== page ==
We went to the market first to buy vegetables and meat. If you're squeamish, this might not be the place for you: flies buzz around huge cuts of meat, and rusty utensils re used to weigh the vegetables. In spite of this, it was fascinating to see how things were bought and sold in the old medina of Marrakesh.

Our next stop was to buy bread, milk, nuts and dried fruit for our dishes. The place they took us to was absolutely fascinating, a paradise for someone like me who loves all kinds of nuts. They also had many kinds of dates, whereas in Italy you can find only one. 

Mariam shopping for nuts in the old medina

It was very interesting to see how a very simple thing like peeling vegetables can be done differently in a different part of the world. The zucchini were peeled as you do with a potato for example, and they were of a lighter colour compared to the ones we normally use in Italy. The eggplant was also peeled, but only partially. I felt like a child again, learning the basics of cooking with my mother. There was a very relaxed atmosphere throughout the class, with the girls laughing at my crying while cutting the onions.

We disposed the vegetables in the bottom of the tajine: onions first, then potatoes, peas, zucchini and eggplant.

Small tajines for sale in Marrakesh
When it was the moment to add the spices, each of us took turns in sprinkling ginger, paprika, cumin, saffron, pepper and parsley. Those sachets in the picture is fake saffron, used to give colour to the dish. Apparently, it's very common in this part of the world to use fake saffron, because the real spice is very expensive, in spite of the fact that it is grown in Morocco.
Spices during my cooking class in Marrakesh
Spices for our cooking class

Cooking class in Marrakesh

The tajine was left for 30 minutes on the stove, and then it was ready to be eaten!

Yet another vegetable tajine in Marrakesh
The tajine that we cooked
This cooking class cost me 150 dh (13€), plus the money we spent for the food at the market, around 90 dh (7,80€) per person.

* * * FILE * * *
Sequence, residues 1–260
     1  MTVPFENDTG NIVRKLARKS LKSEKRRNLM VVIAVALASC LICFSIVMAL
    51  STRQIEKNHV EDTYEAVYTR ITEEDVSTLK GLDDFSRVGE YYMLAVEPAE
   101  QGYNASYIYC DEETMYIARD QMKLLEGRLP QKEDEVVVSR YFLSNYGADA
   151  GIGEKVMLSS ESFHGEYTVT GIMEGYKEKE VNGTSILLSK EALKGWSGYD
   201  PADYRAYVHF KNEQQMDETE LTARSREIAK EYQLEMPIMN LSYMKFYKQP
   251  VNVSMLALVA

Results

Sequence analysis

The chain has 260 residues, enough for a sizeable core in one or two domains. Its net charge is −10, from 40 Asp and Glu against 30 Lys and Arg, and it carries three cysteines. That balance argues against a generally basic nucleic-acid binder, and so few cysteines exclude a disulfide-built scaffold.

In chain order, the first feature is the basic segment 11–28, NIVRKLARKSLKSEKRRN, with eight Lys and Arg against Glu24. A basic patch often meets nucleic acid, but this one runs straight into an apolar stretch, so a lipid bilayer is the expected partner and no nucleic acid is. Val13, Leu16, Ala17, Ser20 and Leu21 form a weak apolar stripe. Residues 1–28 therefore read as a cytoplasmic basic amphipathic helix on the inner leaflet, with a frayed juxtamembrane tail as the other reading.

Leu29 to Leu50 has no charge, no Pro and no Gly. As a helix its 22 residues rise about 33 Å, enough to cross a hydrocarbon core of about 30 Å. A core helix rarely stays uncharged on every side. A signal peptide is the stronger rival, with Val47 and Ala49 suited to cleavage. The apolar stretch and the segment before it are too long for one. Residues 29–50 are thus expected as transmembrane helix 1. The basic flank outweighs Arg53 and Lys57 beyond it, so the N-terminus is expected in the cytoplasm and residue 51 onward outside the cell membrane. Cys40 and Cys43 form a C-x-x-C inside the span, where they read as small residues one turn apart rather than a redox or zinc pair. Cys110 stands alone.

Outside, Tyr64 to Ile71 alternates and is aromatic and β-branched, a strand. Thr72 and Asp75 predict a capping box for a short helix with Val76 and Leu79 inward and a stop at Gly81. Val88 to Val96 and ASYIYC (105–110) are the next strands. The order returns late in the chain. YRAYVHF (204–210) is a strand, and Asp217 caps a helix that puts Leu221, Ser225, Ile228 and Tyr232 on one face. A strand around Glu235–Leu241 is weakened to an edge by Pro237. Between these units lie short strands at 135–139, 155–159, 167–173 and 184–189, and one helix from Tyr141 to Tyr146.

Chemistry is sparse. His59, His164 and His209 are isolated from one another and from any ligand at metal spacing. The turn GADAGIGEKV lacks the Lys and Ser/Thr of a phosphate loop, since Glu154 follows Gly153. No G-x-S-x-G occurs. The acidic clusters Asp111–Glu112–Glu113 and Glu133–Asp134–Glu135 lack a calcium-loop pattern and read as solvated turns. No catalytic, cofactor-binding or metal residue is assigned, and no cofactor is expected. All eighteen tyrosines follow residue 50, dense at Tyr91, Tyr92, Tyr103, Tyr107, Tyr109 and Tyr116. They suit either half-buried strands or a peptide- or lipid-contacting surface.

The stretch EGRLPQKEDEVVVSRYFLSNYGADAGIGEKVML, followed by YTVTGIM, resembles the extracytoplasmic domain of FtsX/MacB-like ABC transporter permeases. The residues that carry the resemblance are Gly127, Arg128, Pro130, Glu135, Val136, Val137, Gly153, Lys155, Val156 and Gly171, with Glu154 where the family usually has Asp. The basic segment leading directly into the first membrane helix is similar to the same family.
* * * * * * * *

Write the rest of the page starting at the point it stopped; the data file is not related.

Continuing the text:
Beef stew with prunes and dates, Morocco
Beef stew with prunes and nuts, plus the avocado milkshake

One thing is sure: I'm going to prepare that avocado milkshake at home too! You need milk, an avocado, some dates, some walnuts, vanilla sugar, and regular sugar. They're all ingredients I can find in Italy too! Fresh juices were one of my favourite things in Morocco, and I had them in different places and with different fruit.

Fancy juice in Essaouira
Orange, strawberry and banana juice in Essaouira


Not every experience I had in Morocco regarding food was excellent, though. During my 3-day trip to the Sahara desert, where we explored the region to the east of Marrakesh, the mini-bus (it was one of the many tours offered by my the hostels and riads of Marrakesh) often stopped in touristic restaurants in the middle of nowhere. All these places offered wi-fi, and a decent toilet, but the food was honestly not particularly exciting. They all offered the same menus: chicken tajine, vegetable cous cous, grilled keftas (meatballs), and skewers, with a poor selection of vegetables or a salad for side dish. They were also expensive for Moroccan standards: usually around 80-100 dirhams (7-9€) for a main dish and a drink. There were really no alternatives, as there were no other restaurants around, and I think it was intended to make us spend that money there.